How to turn a Student House into a Home: Interview with Elizabeth Wolfe from Wolfe Interiors
At SDP Student Homes we understand the importance of making your time at university an unforgettable experience, in a place you can call home. We strive for excellence and a high attention to detail within all of our homes, but that being said, we still want you to make our homes, now your home, original to you.
We’ve teamed up with a Sheffield-based interior designer, Elizabeth Ennis, from Wolfe Interiors, to give you some ideas about how to do exactly that. We asked Elizabeth 5 questions on how to make your creative space unique to you.
Can you give our tenants some easy hacks to make their student bedrooms their own?
Home furnishings can easily transform a room, and are an inexpensive way to incorporate your individual style. Adding some scatter cushions to the bed and a rug to the end of the bed will add focus and make a space feel more inviting, homely and personal to the individual. Adding photos and artwork personal to the individual will immediately bring a sense of comfort and home, a gallery wall arrangement is a great way to display it. Always group artwork/ photography together, and position it above the bed or chest of drawers as this creates a more cohesive feel and prevents too many focus points around the room.
What can our tenants do to create a productive workspace to get them in the zone?
Lighting is very important. Natural light is great, but if the room isn’t blessed with much natural light then good task lighting is essential. A lamp on the desk can make a huge difference to how useable the space is. Make sure there is a separate workspace, and when student’s only have one room which is their own, make sure that they have an area specifically for work/study which includes some practical storage such as space saving wall shelves so the student can be organised with their work files etc, and it can be cleared away when they are finished in order to be able to break away from their work without it being on view.
What do you think is the most common mistake landlords make when furnishing and decorating properties?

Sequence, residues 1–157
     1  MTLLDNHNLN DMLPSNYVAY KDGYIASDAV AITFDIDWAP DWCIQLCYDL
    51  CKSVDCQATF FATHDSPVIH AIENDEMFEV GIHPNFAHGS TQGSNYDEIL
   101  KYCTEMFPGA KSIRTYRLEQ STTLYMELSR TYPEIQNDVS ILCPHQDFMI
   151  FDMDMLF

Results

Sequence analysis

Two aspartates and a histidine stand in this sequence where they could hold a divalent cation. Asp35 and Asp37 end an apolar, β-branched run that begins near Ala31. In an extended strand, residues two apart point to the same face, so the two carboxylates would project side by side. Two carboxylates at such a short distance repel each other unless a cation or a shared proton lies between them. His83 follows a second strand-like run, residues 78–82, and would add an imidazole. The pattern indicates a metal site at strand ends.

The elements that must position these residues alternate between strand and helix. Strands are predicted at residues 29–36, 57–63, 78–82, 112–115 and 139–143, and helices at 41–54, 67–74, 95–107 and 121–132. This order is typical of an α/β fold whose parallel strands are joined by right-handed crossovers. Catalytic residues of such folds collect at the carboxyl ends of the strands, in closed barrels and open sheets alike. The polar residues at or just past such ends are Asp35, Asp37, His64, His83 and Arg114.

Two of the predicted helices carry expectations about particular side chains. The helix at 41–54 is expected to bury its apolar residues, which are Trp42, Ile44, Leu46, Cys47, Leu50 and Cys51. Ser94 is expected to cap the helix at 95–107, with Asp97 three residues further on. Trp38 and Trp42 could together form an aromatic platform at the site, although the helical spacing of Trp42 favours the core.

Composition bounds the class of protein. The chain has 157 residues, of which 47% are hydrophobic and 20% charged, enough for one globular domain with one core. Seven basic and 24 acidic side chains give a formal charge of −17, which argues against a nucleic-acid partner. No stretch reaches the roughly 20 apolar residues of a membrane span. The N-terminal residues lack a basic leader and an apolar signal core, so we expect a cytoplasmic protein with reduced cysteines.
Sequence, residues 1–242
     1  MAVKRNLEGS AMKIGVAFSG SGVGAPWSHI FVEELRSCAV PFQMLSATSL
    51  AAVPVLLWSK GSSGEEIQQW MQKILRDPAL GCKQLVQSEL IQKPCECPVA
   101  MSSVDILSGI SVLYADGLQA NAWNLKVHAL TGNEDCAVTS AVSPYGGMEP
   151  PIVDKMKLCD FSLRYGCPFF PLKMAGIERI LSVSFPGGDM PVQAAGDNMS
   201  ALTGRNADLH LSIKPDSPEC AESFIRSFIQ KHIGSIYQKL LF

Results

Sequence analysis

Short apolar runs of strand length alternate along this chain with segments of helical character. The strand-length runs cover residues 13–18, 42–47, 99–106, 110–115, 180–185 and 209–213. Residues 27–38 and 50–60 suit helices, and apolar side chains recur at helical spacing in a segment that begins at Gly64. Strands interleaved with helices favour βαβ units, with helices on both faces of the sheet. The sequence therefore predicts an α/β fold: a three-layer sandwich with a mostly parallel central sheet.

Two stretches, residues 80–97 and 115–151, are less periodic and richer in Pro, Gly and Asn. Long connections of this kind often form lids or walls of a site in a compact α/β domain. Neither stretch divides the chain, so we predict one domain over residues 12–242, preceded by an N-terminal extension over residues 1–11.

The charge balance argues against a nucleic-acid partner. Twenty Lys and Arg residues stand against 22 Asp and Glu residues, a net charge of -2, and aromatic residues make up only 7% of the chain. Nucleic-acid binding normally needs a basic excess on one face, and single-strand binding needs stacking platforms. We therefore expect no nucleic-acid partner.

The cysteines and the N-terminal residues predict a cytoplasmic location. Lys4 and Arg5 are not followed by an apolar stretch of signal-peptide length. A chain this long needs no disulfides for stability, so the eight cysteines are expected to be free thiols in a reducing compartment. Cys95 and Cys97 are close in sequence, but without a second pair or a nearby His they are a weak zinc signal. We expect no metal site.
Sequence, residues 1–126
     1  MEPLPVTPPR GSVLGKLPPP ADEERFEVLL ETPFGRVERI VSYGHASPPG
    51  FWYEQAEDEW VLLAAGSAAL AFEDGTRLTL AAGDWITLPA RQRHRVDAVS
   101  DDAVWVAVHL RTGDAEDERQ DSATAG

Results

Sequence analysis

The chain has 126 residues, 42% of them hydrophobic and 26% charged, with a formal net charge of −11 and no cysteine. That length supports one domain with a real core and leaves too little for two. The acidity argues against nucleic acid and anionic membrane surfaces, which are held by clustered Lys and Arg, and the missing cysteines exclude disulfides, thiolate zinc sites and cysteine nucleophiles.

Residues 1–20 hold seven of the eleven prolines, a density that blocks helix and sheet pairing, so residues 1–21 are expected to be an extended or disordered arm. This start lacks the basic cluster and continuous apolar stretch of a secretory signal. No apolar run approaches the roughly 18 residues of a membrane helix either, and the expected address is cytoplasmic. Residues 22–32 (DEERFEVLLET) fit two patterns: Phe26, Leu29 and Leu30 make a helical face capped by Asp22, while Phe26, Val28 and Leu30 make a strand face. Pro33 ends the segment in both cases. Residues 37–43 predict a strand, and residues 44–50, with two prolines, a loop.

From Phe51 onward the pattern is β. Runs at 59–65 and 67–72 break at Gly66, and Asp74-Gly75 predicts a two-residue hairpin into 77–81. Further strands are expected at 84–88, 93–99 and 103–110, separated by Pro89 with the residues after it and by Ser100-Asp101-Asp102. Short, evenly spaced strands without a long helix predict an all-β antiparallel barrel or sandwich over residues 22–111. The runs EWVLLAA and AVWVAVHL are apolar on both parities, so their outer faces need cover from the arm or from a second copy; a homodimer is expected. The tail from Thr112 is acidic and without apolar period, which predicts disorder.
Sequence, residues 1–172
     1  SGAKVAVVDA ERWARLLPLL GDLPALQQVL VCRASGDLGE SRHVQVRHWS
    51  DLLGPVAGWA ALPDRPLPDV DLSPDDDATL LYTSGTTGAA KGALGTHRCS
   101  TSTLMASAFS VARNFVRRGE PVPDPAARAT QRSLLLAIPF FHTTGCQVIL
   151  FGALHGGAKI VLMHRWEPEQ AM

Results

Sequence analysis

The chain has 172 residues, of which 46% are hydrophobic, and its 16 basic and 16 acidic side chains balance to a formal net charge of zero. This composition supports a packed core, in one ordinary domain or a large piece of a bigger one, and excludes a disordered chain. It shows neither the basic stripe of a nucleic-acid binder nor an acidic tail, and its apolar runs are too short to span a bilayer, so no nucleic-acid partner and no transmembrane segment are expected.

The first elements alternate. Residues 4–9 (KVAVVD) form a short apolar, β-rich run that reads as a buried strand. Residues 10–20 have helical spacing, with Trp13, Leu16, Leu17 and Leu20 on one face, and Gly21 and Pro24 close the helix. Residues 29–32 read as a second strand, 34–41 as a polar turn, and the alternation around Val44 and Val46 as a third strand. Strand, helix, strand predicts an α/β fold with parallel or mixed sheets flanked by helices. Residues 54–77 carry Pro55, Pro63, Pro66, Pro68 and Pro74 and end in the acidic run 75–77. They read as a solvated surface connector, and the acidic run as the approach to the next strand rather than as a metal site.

Not having the individual tenant in mind, they are providing a basic, often neutral generic accommodation when most people want some form of home comfort. Most landlords do not think about the light coming into the room and choosing warm or cool colours accordingly and this can have a massive impact on mental wellbeing within a space. Including comfortable furniture should be priority for this also. Often furniture may just need repositioning, try avoid pushing all furniture up to the wall and create more social areas by grouping the seating in a slightly different way.
What tips would you give to any aspiring young designers?
If you are passionate about creating spaces and have the ability to adapt to a brief and different settings then start by building your knowledge of materials available. Instagram and pinterest are great for ideas, but dig a little deeper and find the source of the images that excite you. Be prepared for hard work, not all aspects of the job are glamourous, but seeing an idea come to life at the end of a project makes it all worthwhile! A good way to get a feel for the reality of the industry is to work along side and assist an experienced designer whilst getting your qualifications. You will then be in a good position having had first hand experience to start promoting your own design and project management skills.
Where do you draw inspiration from?
Exhibitions are a great way to get to see new and exciting products that can be incorporated into designs. There is so much visual inspiration for everyone to access now on social media, this is a great way to keep in touch with suppliers too. Some projects have a very strong brief and inspiration can be drawn from an individual piece of art of furniture and the rest can fall into place around it, and likewise, the clients personal and individual taste plays a big part in residential design.